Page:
Last night’s Great British Bake Off was toe-curlingly good. There were bits I had to watch from between my fingers, rather like a horror movie. In the technical challenge, when the bakers were trying to get their custard tarts out of the tins, I could barely breathe. What a shame so many didn’t make it.
The fruit pies weren’t a great success either and as for the filo pastry, well I’ve never seen anything like it. Absolutely fabulous TV.
I’ve never tried to make filo, in fact I have nowhere large enough to roll it out without it getting covered in dog hairs! However, I have made the odd custard tart.
In spring our chickens, geese and ducks start laying with a vengeance, after their winter break. Although we sell our surplus at the gate, we can become inundated with eggs and trying to find something to do with them all is a huge challenge.
The dogs enjoy a boiled egg or two, I only make cakes that take at least 5 and we eat a lot of omelettes.
This year, in despair, I stumbled across a recipe for a custard tart that used a total of 11 eggs – fantastic. That would help to deplete my egg stock somewhat, and it looked pretty simple.
The recipe was from Marcus Wareing and can be found here. I didn’t make any great changes to it apart from adding vanilla to the custard filling.
Rather than go through the grief of trying to get individual tarts out of tins, I prefer to make a large one. If you can’t get it out, you can always slice it in-situ.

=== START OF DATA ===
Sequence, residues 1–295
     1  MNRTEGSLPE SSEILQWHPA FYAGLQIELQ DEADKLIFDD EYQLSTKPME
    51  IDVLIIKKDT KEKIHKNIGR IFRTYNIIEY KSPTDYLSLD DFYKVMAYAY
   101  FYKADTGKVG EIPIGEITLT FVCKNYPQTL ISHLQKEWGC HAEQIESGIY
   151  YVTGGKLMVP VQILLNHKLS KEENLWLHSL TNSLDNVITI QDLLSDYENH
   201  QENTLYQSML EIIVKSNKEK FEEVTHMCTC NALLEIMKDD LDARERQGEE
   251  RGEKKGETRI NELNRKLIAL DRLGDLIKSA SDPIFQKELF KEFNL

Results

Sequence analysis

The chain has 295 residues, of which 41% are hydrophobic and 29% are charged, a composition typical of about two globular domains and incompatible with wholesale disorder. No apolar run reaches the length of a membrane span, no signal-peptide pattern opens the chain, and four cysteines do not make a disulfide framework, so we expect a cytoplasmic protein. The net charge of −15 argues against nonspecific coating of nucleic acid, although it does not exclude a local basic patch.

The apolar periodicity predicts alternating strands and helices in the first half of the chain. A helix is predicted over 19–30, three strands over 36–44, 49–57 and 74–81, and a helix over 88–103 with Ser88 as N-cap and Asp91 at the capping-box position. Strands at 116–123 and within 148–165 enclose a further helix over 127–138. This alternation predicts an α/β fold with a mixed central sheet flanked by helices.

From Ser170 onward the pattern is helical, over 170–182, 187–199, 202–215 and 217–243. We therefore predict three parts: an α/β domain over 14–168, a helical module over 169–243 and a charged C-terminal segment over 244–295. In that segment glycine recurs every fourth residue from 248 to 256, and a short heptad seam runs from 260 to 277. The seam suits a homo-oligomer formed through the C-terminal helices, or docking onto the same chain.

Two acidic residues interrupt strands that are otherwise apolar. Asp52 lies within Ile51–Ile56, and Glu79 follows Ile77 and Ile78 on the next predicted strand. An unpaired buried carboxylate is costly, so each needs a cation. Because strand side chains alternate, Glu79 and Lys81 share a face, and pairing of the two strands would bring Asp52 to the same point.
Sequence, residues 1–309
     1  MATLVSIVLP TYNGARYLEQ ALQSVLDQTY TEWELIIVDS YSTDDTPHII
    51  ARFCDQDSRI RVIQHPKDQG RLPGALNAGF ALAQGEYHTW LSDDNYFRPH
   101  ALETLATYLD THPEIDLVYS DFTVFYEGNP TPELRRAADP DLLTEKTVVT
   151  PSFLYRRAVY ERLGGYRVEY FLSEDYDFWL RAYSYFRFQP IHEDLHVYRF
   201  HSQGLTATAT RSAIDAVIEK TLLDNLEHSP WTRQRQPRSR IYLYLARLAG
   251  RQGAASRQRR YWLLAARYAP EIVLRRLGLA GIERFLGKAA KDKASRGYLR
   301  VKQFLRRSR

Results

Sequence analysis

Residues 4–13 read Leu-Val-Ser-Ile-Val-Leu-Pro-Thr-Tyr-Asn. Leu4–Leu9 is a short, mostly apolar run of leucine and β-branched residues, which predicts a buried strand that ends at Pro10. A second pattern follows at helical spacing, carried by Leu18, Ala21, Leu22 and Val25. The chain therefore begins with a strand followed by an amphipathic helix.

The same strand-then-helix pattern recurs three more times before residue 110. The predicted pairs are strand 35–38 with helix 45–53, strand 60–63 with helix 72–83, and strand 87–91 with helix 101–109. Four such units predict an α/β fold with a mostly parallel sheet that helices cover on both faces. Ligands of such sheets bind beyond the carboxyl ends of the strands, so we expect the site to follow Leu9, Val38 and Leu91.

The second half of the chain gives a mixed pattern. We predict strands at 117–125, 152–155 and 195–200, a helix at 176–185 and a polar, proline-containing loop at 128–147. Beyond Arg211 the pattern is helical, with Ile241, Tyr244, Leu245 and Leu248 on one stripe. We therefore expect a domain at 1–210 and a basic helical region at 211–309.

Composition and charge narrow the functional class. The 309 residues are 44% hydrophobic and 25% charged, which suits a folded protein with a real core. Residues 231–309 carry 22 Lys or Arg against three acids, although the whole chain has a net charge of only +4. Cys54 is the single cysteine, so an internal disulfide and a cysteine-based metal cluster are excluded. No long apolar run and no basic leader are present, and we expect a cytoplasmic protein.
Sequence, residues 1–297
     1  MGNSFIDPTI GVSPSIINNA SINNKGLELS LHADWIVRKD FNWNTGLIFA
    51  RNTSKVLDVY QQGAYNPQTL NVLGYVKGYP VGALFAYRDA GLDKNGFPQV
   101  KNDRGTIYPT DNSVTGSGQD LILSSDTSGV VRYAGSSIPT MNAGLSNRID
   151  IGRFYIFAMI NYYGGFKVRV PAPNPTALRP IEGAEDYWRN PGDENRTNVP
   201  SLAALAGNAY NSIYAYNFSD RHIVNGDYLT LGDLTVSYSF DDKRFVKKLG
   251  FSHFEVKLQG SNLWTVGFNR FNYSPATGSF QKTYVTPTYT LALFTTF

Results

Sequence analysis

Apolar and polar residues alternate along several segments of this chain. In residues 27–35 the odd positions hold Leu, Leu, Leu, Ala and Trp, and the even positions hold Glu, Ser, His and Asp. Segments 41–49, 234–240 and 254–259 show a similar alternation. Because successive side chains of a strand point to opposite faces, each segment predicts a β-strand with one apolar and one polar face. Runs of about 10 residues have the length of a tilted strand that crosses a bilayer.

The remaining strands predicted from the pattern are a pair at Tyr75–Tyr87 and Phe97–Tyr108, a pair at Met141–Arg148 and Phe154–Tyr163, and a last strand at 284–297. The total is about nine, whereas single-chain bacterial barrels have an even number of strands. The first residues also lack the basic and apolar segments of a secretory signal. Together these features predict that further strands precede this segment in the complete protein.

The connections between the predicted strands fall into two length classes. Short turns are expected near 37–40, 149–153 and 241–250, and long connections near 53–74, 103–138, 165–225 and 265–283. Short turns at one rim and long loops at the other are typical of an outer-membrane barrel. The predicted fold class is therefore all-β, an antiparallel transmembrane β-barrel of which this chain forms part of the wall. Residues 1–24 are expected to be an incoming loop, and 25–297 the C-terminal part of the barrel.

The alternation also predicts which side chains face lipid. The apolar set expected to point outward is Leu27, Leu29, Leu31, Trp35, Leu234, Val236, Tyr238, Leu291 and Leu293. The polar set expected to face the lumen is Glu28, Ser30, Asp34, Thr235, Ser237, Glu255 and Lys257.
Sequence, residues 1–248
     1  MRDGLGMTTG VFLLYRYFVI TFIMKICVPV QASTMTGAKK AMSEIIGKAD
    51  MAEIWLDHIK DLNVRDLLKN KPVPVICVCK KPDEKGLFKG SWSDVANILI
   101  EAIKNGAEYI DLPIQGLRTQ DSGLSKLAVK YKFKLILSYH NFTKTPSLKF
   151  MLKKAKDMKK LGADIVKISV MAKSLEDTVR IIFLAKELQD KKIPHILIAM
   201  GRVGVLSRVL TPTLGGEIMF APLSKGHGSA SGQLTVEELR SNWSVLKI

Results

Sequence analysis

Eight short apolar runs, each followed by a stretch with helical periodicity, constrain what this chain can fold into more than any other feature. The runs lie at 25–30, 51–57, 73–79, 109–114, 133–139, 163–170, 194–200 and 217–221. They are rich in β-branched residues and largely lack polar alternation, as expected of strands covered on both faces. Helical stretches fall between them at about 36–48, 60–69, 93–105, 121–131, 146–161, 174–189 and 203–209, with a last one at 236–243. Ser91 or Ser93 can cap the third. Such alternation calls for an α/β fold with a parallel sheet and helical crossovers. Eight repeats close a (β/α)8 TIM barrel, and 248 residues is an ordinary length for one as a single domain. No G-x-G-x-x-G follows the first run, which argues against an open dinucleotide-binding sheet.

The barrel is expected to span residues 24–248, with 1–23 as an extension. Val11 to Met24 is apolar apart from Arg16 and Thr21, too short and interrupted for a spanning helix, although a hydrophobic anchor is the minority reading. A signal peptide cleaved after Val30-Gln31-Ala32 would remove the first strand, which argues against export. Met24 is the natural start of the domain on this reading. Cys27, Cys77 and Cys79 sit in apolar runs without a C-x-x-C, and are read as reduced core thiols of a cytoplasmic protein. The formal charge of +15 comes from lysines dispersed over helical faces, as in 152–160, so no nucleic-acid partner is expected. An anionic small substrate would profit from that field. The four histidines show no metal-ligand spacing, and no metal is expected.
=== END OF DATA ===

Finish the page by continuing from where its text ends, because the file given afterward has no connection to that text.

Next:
This time I thought I would take strips of baking parchment and lay it under the pastry, hanging over the edge of the pie dish, so in theory I could just lift it out (I thought I spotted someone doing a similar thing last night). It didn’t quite work out that way but it was worth a go.
Another hazard is filling the pie casing with the eggy mixture right up to the brim without spilling it all over the place. I guess it’s OK if you can slide your shelves smoothly in and out of your oven but in my case it took two people to accomplish it. But it doesn’t stop there, once it’s filled you have to hold it there with the heat from the oven blasting you whilst you grate the nutmeg over the top!
Whatever the difficulties, it certainly had no impact on the taste of the tart, which was smooth, creamy and absolutely more-ish – the best custard tart I’ve ever tasted and well worth making again but not until the spring. Eggs are not so plentiful right now.